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Located a little away from central Pune, Shinde Chhatri is one of those monuments which should be celebrated as city's key heritage places, but is unfortunately not even known to many. Situated in the Wanowri suburb of Pune, the Shinde Chhatri complex comprises of a Shiva Temple as well as a samadhi (cenotaph) of 18th century military leader Mahadji Shinde.
To understand the importance of the place a little better it's important to dwell a little in the past and understand the history of the region. Now Shinde is the surname of a prominent royal family from Maharashtra and they come from the Satara district of the state. However, during the rule of Marathas, they generally served under the Peshwas. Often Peshwas are considered as kings, but they were actually the caretakers under the Marathas who were the real kings of the land. A parallel to this existed in Lucknow also where the Nawabs were caretakers for the Mughals, but are now often mistaken as kings of Awadh.
The Shindes also formed the Scindia dynasty once they moved further up north to central India, in what is known as Madhya Pradesh. The state of Gwalior was prominent and a powerful state even during the British era and joined the Indian Union in 1947. The Scindia dynasty members very powerful in politics now.
Now Mahadji Shinde was part of this powerful community and served as as commander-in-chief of the Maratha army under the Peshwas, who had Pune as their seat of power, between 1768 to 1794. After the third battle of a Panipat in 1761 where the Maratha army was annihilated by the Afghans (Durrani Empire) in an ill-fated north India expansion plan, the era of Mahadji was actually the time of Maratha revival. He is credited to bringing back much of lost Maratha glory, including restoring the Mughals in Delhi, though under Maratha terms. He was also instrumental in the defeat of the already powerful British army under the East India Company in yeh first Anglo-Maratha war.
As a Shiva bhakt, in 1794 he decided to build a Shiva temple in Pune. However, unfortunately he died the same year and he was also cremated in the same compound. Much later in 1965 a samadhi was created in his memory and his last remains where kept here. The Scindia family from Gwalior, his descendants, are now the caretakers of the property.
Unlike other buildings from the Peshwa era, the architecture of Shinde Chhatri is quite unique. The influence of Anglo architecture is seen the the front section, and one can also see some Rajasthani influence. The garbhagriha is typical to a temple from the era, but the rest of the structure is quite unlike other temples.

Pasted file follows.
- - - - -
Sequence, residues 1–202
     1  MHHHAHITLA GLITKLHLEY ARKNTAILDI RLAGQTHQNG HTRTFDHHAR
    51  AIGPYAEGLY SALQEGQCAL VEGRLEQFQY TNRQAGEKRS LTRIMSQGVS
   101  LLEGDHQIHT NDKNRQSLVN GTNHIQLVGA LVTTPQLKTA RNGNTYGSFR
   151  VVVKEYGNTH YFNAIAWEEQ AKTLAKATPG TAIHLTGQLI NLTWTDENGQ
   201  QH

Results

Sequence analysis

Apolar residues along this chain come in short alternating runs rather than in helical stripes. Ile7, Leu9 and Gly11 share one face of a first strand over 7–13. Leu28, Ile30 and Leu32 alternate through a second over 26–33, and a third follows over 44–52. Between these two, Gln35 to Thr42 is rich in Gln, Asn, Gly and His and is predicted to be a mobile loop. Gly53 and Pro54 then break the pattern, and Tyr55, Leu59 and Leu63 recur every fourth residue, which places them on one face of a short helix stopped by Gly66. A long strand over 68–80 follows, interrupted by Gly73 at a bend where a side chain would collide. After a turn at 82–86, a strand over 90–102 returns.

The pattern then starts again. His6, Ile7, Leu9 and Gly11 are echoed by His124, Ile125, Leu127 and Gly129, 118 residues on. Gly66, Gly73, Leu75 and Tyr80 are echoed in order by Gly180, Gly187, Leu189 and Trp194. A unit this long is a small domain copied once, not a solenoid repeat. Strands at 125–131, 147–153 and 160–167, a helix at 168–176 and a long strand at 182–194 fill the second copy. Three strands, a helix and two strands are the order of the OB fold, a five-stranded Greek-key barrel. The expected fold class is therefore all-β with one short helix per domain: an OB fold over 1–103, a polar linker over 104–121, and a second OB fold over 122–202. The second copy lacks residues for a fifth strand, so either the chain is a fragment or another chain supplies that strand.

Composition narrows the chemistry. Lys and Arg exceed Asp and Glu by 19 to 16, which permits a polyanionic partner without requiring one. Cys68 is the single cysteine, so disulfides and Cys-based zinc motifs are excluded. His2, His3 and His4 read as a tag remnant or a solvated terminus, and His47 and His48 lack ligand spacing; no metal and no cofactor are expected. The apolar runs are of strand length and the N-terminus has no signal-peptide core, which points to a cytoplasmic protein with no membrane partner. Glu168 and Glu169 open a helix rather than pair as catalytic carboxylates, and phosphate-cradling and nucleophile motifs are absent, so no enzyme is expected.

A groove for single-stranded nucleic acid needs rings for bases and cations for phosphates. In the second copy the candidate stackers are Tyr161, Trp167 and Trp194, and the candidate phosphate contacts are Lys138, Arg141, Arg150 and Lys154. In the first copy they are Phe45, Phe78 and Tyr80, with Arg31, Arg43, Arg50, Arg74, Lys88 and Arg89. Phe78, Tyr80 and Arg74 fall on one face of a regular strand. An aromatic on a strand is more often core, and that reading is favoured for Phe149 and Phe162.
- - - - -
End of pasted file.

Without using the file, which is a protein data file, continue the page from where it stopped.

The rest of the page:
The yellow sandstone rectangular block shaped mandapa with stained glass doors and windows, stands in stark contrast to the temple shikhar right behind it. Usually the shikhar is prominently the tallest part of the temple, but here the mandapa competes in height.
While the exterior of the temple both surprises and please the eye, the interiors take your breath away. There is beautiful stucco work in orange and green and gives the feel of a typical Rajasthani Hindu temple. There is a viewing level as well though it's not accessible to visitors. The floor has simple geometric designs in black and white stone tiles, and compliment the rich work on the columns, walls and ceiling.
Since it's a bit far from where I live, somehow I never made it to this place in all these years. So one Saturday morning I just decided to pack my bag (camera etc), call a cab and go there!
I had seen very few images of the place before I came, so was quite impressed with the formidable stone wall all around the complex. Not surprisingly it was poorly maintained and there were multiple breaks in the wall, some big enough for me to pass through!
As I mentioned the Chhatri is unfortunately not so popular so there was barely anyone there, except a few travellers from Tamil Nadu who were only interested in climbing up in restricted area or taking selfies. But they made the place alive with their chatter, and strangely it felt nice to hear Tamil :)
The biggest shock and disappointment was actually a modern gym located right inside the complex! This really made me wonder if ASI was in anyway responsible for its maintenance. To me this was crass negligence of the historical and aesthetic value of this beautiful building. Why do we treat our heritage so badly? Pune is often known as the cultural capital of Maharashtra, yet we destroy its heritage ourselves.
However, let's just ignore the gym, and the place is as beautiful as ever! It has gone through some restoration work already and it's been done quite well.
Inside the mandapa there are also portraits, some photographs and some paintings, of prominent kings from the Scindia dynasty. The stained glass windows looks beautiful and they let light fall inside in beautiful hues.
I was done in about two hours and was really upset with myself for not coming here earlier. I didn't just learn about the Chhatri here, but the visit was also a lesson in Maratha history. I recommend it strongly to anyone who wants to explore Pune, and understand the layers of its unique heritage.
9am to 6pm
Indians: Rs 5
Foreigners: Rs 25
To reach Shinde Chhatri
The best way to reach Shinde Chhatri is by an auto-rickshaw or a cab (both Old and Uber work great in Pune). There is some space for parking outside the compound so you can easily drive down and park here. It's located next to the Cantonment area so you have to pay toll of Rs 20 if you are coming in a cab.
Here's the address:
Nagar Wanwadi Nagar,
Fatima Nagar, Vikas Nagar,
Wanowri, Pune, Maharashtra 411001